Titles by Category

Here's news about high-definition video disc ("HDVD") recordings of opera, ballet, classical music, plays, fine-art documentaries, and paintings. In the journal below are independent (and hard-to-find critical) reports on hundreds of HDVDs. Pick the best titles for your excelsisphere.

Feb 11.  Finally we have a good grade (A-) to brag about for the new Don Quixote from the Vienna State Ballet.  Recently we posted a F+ grade for the new C Major Bruckner Symphony 3 and an F- grade for that C Major Mahler S1-10 Box performed by the Frankfurt Radio Symphony Orchestra. How can a major publishing house turn out something that gets an F-?

We recently posted more than you wanted to know about that Brahms Cycle Box from Belvedere. Now you can buy the 3 discs in the box independently. We bunched the 4 different deals together near the top of the Journal.

We just updated our manifesto about the best ballet and dance videos.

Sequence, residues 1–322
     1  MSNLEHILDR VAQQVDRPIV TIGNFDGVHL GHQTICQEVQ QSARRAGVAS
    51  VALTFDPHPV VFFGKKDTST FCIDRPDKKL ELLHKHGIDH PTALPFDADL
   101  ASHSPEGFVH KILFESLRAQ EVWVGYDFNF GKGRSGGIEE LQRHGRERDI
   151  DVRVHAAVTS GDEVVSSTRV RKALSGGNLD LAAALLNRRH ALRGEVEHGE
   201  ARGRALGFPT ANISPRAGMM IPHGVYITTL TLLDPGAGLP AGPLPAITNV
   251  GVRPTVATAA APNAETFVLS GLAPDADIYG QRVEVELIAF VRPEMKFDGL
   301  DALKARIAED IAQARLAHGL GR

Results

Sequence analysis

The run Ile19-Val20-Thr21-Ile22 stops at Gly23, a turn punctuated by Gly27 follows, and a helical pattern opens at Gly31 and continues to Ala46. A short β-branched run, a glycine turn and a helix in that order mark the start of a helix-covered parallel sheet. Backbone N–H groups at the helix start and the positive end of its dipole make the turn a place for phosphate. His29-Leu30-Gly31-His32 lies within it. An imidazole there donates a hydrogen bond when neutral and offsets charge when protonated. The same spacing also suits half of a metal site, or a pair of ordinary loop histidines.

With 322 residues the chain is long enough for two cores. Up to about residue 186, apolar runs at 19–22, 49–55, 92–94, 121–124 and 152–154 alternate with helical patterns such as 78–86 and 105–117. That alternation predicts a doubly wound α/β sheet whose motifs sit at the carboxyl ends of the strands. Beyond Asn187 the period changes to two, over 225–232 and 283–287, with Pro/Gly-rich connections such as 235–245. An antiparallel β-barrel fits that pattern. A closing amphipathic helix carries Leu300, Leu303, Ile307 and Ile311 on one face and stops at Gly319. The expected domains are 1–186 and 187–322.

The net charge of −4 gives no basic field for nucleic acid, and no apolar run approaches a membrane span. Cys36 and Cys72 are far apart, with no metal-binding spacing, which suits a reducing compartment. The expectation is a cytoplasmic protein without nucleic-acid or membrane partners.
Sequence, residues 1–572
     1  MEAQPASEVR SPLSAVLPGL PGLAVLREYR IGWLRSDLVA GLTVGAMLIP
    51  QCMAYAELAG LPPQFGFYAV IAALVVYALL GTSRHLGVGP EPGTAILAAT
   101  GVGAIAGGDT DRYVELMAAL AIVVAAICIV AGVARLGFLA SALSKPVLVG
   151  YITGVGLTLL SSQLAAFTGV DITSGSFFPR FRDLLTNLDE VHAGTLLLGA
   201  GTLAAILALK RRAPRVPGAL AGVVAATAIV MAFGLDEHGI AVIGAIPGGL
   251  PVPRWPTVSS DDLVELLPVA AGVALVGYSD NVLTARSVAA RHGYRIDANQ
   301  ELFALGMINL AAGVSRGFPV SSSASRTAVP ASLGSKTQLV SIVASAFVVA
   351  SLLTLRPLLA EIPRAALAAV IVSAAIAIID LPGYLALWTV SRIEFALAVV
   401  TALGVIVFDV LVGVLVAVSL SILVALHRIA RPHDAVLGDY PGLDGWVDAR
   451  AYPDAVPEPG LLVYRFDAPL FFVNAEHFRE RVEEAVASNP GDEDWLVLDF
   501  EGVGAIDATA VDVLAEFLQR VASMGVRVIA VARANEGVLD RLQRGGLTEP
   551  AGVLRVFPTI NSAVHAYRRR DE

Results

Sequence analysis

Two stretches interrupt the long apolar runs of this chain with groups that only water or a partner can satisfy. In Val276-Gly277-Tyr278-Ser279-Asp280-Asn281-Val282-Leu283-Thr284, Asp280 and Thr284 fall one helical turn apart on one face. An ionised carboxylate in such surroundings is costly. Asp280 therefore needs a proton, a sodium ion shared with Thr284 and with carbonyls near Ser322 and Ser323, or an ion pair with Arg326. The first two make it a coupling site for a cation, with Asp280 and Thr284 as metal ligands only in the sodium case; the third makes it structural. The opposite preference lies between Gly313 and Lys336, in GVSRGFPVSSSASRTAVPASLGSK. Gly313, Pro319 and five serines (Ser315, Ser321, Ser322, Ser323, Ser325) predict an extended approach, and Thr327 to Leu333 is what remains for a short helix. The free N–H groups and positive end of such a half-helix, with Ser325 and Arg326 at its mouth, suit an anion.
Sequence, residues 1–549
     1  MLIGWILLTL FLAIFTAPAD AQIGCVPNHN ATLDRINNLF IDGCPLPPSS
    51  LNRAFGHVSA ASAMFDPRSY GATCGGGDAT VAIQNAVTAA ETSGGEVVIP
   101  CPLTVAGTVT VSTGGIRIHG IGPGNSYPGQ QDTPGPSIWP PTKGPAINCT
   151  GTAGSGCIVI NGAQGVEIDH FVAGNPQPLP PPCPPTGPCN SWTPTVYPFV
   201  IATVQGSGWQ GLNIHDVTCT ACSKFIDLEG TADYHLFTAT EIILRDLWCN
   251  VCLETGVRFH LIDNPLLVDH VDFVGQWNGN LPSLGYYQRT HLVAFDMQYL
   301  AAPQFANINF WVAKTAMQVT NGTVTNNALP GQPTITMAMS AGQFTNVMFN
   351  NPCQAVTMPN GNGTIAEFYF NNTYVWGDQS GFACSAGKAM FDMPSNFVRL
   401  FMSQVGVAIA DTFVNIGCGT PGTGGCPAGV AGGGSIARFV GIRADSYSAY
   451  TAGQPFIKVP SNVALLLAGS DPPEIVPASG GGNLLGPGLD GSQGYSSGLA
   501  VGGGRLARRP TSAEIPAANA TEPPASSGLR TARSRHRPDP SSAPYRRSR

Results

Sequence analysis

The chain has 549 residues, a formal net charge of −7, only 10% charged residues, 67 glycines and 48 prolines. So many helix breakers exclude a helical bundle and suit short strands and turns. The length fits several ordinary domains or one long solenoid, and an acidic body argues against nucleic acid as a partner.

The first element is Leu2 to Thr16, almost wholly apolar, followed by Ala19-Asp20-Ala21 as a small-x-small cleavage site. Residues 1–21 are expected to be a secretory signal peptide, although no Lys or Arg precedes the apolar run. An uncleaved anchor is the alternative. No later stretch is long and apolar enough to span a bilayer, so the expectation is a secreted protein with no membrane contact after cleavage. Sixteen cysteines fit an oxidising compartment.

Entries in C Major (173)


Don Quixote

Don Quixote ballet. Music by Ludwig Minkus arranged by John Lanchbery. Choreographed by Rudolf Nureyev after Marius Petipa. Staged 2016 by Manuel Legris at the Wiener Staatsballett. Stars Maria Yakovleva (Kitri/Dulcinea), Denys Cherevychko (Basilio), Ketevan Papava (A Street Dancer), Roman Lazik (Espada), Olga Esina (The Queen of the Dryads), Kiyoka Hashimoto (Amor), Kamil Pavelka (Don Quixtoe), Christoph Wenzel (Sancho Panza), Gabor Oberregger (Lorenzo), Andrey Kaydanovskiy (Gamache), Alice Firenze, Nina Tonoli (Kitri's friends), Igor Milos, Beata Wiedner (Two aged Gypsies), Mihail Sosnovschi, Rebecca Horner, Erika Kováčová (Gypsies), Gala Jovanovic, Oxana Kiyanenko, and Laura Nistor (Three Dryads), Natascha Mair (First Bridesmaid), plus Marat Bavletshin and Keata Wiedner (Caregivers).  Kevin Rhodes conducts the Orchester der Wiener Staatsoper. Set and costume design by Nicholas Georgiadis; lighting design by Marc Anrochte; video directed by Michael Beyer. Released 2017, disc has 5.0 dts-HD Master Audio sound. Grade: A-